RPC-based services to anyone outside your firewall.)
13.1.2 RPC Authentication
Client programs contacting an RPC server
need a way to authenticate themselves to the server so that the
server can determine what information the client should be able to
access, and what functions should be allowed. Without authentication,
any client on the network that can send packets to the RPC server
could access any function. In most environments this is not something
you want to allow.
There are several different forms of authentication available for
RPC, as described in Table 13-1. Not all
authentication systems are available in all versions of RPC.
Table 13-1. RPC authentication options
No authentication. Anonymous access.
RPC client sends the Unix UID and GIDs for the user
Not secure. Server implicitly trusts that the user is who the user
claims to be.
Authentication based on public key cryptography and DES
Authentication based on Kerberos
Reasonably secure, but requires that you properly set up a Kerberos
server. AUTH_KERB is not universally available.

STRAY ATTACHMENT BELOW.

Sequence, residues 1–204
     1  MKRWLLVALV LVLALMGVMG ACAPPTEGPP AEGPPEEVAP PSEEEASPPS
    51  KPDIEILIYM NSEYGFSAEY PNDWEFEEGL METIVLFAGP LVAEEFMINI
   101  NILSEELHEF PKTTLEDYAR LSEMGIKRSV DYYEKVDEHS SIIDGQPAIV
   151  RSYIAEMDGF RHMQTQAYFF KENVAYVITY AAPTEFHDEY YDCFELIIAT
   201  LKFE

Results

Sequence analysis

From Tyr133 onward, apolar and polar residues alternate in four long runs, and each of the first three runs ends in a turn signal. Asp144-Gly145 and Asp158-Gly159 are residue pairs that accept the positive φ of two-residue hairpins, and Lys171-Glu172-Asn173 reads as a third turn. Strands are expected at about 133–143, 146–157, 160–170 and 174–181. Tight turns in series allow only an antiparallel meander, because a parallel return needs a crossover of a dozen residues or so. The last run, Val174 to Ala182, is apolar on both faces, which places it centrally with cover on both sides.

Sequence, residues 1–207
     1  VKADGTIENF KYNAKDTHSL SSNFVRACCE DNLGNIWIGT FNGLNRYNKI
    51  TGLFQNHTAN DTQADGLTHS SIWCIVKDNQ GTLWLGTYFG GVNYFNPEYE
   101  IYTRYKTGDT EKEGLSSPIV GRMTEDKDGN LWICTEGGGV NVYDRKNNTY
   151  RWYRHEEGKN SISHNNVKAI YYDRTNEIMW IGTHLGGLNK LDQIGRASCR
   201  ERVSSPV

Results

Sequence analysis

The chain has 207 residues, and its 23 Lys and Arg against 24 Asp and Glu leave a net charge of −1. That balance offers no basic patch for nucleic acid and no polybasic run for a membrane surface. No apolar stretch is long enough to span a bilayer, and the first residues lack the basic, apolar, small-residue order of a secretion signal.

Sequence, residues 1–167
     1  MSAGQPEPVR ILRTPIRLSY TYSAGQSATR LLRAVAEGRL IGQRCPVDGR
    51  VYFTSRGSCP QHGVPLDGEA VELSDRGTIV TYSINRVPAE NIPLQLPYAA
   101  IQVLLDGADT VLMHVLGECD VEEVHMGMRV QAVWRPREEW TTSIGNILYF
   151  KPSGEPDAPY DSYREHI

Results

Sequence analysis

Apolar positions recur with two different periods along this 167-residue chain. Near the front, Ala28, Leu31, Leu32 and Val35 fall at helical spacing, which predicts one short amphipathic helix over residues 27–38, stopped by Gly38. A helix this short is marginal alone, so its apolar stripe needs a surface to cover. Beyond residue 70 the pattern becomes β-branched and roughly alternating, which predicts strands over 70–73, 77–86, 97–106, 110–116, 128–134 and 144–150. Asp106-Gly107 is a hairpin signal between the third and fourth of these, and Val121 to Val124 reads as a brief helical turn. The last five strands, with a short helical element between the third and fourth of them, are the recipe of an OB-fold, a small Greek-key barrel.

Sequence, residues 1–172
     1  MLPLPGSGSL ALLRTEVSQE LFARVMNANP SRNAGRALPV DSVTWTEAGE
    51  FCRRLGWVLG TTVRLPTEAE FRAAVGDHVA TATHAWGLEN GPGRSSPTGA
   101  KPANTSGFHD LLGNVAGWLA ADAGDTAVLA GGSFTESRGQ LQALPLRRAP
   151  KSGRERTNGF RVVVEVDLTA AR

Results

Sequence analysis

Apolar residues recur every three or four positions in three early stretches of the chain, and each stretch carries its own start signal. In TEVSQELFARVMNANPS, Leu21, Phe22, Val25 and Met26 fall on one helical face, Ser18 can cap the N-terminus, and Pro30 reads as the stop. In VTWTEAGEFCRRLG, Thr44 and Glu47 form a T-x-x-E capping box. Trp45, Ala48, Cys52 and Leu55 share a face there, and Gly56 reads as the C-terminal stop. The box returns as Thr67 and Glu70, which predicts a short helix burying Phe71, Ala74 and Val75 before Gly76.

Live fast, die young. AUTH_NONE is bare-bones RPC with
no user authentication. You might use it for services that require
and provide no useful information, such as time of day. On the other
hand, why do you want other computers on the network to be able to
find out the setting of your system's time-of-day
clock? (Furthermore, because the system's time of
day is used in a variety of cryptographic protocols, even that
information might be usable in an attack against your computer.)
Besides, NTP is a much better protocol to use for obtaining the time
for any legitimate purpose (see the sidebar Telling Time in Chapter 12). Do not use AUTH_NONE.
AUTH_UNIX was the only
authentication system provided by Sun through Release 4.0 of the
SunOS operating system, and it is the only form of RPC authentication
offered by many Unix vendors. It is widely used. Unfortunately, it is
AUTH_UNIX, each RPC request is accompanied with a UID and a set of
GIDs for authentication.